You have to be something of an obsessive conspiracy theory researcher yourself to discover that much of the movie is fantastic. The real prosecution brought by Jim Garrison (Kevin Costner) relied on a witness whom Garrison had drugged and hypnotized; this witness is conveniently replaced in the film by Kevin Bacon’s fictional prostitute (one of a number of aspects that make JFK look troublingly homophobic 30 years later).
The hits keep coming. David Ferrie (Joe Pesci) did not claim to be in the CIA and died of natural causes. The so-called “magic bullet” did not take the journey shown in the film, and more recent ballistics have come out in favor of its path. And worst of all, Colonel X, the whistleblower played by Donald Sutherland, was based on L. Fletcher Prouty — a professional conspiracy theorist, with ties to the far right, who advised Stone. Prouty published so many weird lies in his life that there are entire websites devoted to debunking “Proutyisms“.
Even Stone himself admitted prior to its release that JFK was “not a true story per se.” So what was it, then? A hybrid of infotainment and propaganda; one that boded ill for the future. To quote Stephen Colbert’s parody conservative talk show host, JFK had “truthiness.” It feels right that we don’t know the whole truth about November 22, 1963. There is, as Eisenhower warned, a “military-industrial complex” that benefits from vast Pentagon budgets. Kennedy was wobbly on the military advisers he’d sent to Vietnam, and LBJ was prepared to lie to ramp up U.S. involvement in the war (See: Gulf of Tonkin incident).
Colonel X was, in many ways, the forerunner of Q
But none of that truthiness comes anywhere close to proving that LBJ headed up a vast shadow-state coup d’etat conspiracy — one that was simultaneously so efficient it erased all evidence of its existence, while also somehow relying on a bunch of colorful buffoons in New Orleans and Dallas.
And if you’re prepared, like Stone, to make that huge logical leap based on Proutyisms? Well then, you might also believe that a larger, wilder conspiracy of baby-eaters has been able to cover up its existence for decades and that only one brave anonymous soul in Washington is blowing the whistle. Colonel X was, in many ways, the forerunner of Q.
In the wake of JFK‘s critical and commercial success, conspiracies were hot in Hollywood. They permeated movies that we now remember as mere action adventures — such as The Rock (1996), in which Sean Connery is imprisoned on Alcatraz for stealing microfilm of government secrets, and Nicholas Cage ends the movie by reading the secrets and declaring he now knows what happened to JFK.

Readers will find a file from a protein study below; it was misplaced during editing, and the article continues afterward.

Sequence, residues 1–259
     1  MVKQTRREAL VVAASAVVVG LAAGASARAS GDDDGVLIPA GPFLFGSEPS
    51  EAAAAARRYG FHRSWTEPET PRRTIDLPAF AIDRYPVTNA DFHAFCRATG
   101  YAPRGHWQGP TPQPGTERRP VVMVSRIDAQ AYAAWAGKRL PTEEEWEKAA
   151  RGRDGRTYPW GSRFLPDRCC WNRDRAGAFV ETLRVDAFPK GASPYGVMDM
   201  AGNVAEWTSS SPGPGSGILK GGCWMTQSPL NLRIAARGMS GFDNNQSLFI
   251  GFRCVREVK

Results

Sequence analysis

But the ultimate archetype of the new wave of conspiracy theory movies was Conspiracy Theory (1997). Mel Gibson plays a taxi driver who pushes every wild theory under the sun in his newsletter. Soon the CIA and FBI descend on him because one of them is right! It’s up to Gibson and Julia Roberts’ DOJ lawyer to figure out which one as they fight off the weight of the entire shadow government.
Critics yawned at what already felt like a predictable plot. Still, Conspiracy Theory was a huge box office hit. The lonely conspiracy theorists of the world got exactly the wrong messages: First that it’s OK to stalk cute DOJ lawyers, and secondly that if they just keep digging into all these wild ideas at their disposal (not just in newsletters, but on the nascent internet) — well, something in there must be true! As the tagline for the following year’s similar anti-government thriller Enemy of the State put it, “it’s not paranoia if they’re really after you.”
At a distance of 24 years, however, the only true thing about Conspiracy Theory is that Mel Gibson turned out to be a conspiracy theorist himself — only his theories appear to be anti-semitic ones. It’s interesting how rarely pop culture deals with those, even though the outrageous racist bunk known as The Protocols of the Elders of Zion counts as one of the earliest and most widespread conspiracy theories out there. QAnon itself has deep ties to anti-semitic tropes.